“Make Good Trouble: Marching for Change,” the Reginald F. Lewis Museum’s most recent exhibit, pulls its name from U.S. Rep. John Lewis’ famous quote. The good trouble highlighted in this exhibit is this summer’s protests against police violence.
The exhibit, curated by Leslie King-Hammond and Lowery Sims, features protest signs, photographs, and other materials gathered at protests in Maryland sparked by the police killing of George Floyd in May. The exhibit also looks at protests that focused on local issues. One wall is filled with signs featuring messages of support for Dr. Andrea Kane, the first Black superintendent of Queen Anne’s County schools, who faced pushback for supporting antiracist efforts in the school district.
King-Hammond described the process of curating the exhibit to The Baltimore Sun. “You’re pulling in all of these scraps, these elements, together that reflect — and this is really important — what ordinary people are experiencing, and have been so denied, and are reaching a point of frustration [about] with this explosion, just is like a tsunami effect. This is history that has been going on for 400, excuse me, freaking years,” King-Hammond said.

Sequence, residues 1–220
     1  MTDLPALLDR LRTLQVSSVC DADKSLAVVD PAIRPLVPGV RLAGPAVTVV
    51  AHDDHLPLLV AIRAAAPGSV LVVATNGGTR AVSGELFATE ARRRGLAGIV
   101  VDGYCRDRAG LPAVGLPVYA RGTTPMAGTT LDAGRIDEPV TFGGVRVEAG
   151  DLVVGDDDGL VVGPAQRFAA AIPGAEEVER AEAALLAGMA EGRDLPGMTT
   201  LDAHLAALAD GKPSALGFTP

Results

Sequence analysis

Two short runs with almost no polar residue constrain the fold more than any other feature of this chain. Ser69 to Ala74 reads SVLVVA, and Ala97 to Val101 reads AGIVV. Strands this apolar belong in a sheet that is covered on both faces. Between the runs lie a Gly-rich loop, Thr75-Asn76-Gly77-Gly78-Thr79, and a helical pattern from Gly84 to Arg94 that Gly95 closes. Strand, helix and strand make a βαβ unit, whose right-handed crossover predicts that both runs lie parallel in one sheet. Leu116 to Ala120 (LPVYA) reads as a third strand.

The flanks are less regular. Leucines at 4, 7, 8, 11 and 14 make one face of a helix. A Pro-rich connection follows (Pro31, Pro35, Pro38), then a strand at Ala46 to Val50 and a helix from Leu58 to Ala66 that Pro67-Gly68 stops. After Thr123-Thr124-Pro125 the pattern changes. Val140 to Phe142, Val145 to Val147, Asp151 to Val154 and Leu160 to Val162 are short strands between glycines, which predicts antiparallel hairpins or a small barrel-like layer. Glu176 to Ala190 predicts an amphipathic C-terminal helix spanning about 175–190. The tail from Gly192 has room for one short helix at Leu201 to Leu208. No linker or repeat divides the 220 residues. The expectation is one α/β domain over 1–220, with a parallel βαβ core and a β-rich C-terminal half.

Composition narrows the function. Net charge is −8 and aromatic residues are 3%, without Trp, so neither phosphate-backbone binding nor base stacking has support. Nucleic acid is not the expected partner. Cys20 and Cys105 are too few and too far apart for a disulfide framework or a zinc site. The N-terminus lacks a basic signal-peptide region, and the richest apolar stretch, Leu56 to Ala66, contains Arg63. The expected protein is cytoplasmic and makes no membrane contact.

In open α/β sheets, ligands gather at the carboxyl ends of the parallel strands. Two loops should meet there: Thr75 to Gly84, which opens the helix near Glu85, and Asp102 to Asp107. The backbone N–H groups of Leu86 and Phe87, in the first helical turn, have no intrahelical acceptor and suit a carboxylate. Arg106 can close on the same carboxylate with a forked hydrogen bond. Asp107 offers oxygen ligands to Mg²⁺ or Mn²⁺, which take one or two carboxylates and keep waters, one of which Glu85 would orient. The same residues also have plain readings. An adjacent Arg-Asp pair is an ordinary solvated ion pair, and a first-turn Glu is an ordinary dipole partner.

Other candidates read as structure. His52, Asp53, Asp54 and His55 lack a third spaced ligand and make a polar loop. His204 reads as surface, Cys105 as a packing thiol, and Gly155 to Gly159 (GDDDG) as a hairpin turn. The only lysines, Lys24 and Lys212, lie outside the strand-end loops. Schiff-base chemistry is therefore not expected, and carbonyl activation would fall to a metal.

King-Hammond and Sims placed this summer’s events in the context of centuries of civil rights protests. Part of the exhibit highlights the 2015 police killing of Freddy Gray. Curators used Marvin Gaye’s 1970s protest anthem “What’s Going On” to connect recent incidents of police violence to the past.
The museum’s Interim executive director Wanda Draper hoped that people draw inspiration from the exhibit. “Hopefully, [people] will look at their personal experiences and internalize what this all means to us as a people,” Draper said.
“Make Good Trouble: Marching for Change” will likely be on display through February.